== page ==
All that remains here for views is a glimpse of Mt. Chocorua.

From here I made a steep-angled, prickly bushwhack across the slope to the one remaining open patch on the 1924 East Slide. I had visited this spot in 2008 and enjoyed a good view, and hoped the vista had not been obscured by a decade of tree growth.

This view from Mt. Passaconaway taken this March showed that there was still a small opening, seen below the North/Middle Tripyramid col. (Also, note the top of the 2011/Irene slide on West Sleeper to the left.)

Revegetation is nearly complete on the 1924 slide.

But there is still a fine view here. Earlier AMC Guides touted the "wild and interesting views towards Passaconaway and Chocorua" from the East Slides.

A nice open look at Chocorua.

There is a particularly fine profile of Passaconaway.

A wild northern spur of Mt. Whiteface with a prominent white ledge. (A great and unusual viewpoint, but thick to get to.)

I decided to follow the track of the older slide - the longtime route of the Sabbaday Brook Trail - back down to the brook. I had descended this with a friend in 1980 when it was still somewhat open, with gravelly and loose rock footing. Not much of that left anymore. In those days the climb from the brook to the ridgecrest was a very steep 1000 ft., as arduous a climb as the North or South Slide.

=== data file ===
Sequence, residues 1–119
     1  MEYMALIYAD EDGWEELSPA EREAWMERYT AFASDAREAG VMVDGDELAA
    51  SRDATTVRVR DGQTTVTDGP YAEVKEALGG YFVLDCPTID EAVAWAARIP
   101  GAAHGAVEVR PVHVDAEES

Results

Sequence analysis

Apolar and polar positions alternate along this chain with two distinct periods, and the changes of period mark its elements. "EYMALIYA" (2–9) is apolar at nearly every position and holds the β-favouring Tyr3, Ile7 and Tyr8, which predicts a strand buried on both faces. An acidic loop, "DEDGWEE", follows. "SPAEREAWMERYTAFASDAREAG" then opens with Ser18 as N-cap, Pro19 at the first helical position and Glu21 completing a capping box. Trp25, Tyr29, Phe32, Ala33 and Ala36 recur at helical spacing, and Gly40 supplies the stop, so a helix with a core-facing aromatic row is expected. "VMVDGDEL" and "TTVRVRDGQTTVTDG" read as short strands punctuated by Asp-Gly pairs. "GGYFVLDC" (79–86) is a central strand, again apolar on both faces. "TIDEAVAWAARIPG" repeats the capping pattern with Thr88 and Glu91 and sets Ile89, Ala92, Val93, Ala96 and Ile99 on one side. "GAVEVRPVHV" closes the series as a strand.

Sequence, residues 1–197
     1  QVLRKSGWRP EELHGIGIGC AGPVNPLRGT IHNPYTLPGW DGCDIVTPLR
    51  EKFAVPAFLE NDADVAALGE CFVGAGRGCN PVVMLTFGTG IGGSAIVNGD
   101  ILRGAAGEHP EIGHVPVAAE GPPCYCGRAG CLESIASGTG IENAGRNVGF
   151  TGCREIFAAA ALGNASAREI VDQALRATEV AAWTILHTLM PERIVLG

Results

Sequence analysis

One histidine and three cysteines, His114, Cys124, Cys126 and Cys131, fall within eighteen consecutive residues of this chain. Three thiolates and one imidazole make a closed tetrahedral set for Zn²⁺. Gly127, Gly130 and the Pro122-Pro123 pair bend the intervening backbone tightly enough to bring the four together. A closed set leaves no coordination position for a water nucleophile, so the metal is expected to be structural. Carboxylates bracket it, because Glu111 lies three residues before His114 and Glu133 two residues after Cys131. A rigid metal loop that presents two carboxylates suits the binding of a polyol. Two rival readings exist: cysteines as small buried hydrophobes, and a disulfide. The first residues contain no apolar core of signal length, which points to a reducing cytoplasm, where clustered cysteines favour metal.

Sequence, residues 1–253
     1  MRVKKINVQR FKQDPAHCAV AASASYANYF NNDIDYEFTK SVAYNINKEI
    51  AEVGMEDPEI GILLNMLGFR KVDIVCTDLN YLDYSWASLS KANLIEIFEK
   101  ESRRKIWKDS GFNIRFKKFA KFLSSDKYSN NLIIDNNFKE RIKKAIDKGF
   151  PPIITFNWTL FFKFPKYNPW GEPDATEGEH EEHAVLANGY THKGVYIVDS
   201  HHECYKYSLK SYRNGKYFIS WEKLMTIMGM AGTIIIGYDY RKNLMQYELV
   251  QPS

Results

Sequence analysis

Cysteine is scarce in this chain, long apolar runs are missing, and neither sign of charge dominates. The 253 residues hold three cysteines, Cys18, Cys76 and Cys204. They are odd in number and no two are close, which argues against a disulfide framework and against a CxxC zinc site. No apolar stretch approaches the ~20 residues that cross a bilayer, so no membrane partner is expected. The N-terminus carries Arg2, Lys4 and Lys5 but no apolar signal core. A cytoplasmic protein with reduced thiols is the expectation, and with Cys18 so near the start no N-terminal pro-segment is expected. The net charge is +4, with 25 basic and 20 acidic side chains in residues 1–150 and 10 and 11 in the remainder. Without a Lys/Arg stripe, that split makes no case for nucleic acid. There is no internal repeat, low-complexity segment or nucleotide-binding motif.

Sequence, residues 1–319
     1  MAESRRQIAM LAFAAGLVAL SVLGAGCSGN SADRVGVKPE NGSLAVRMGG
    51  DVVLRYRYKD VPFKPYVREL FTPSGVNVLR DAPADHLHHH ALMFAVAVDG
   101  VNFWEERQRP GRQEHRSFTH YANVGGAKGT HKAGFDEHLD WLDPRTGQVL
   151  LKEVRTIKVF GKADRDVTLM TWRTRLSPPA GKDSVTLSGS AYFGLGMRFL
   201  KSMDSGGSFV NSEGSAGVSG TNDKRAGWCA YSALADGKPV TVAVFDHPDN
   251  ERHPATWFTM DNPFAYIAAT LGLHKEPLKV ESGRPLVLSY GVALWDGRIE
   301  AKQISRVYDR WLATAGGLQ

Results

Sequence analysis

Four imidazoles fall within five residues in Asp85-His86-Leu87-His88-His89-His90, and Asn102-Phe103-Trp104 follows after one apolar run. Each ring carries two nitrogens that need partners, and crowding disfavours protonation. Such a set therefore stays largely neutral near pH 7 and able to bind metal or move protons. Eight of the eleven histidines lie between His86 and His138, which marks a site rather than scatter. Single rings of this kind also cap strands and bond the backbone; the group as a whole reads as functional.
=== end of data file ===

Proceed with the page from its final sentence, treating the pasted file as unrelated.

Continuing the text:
A framed vista of Passaconaway lower down.

In its lower reaches the old slide track is completely in the woods.

I made a few detours around blowdown-choked spots through fine spruce woods.

A beautiful spot on Sabbaday Brook at the base of the old slide. It would be very difficult to find the track from the bottom.

Delightful walking back down the valley.

On the way out I made a short, steep bushwhack to an open patch on a slide that fell off the Fool Killer many years ago.

The perspective here is looking up at the lofty ridges surrounding the upper valley. West Sleeper is seen behind a ridge descending steeply off Tripyramid.

The top of Middle Tripyramid just peeks over the ridge.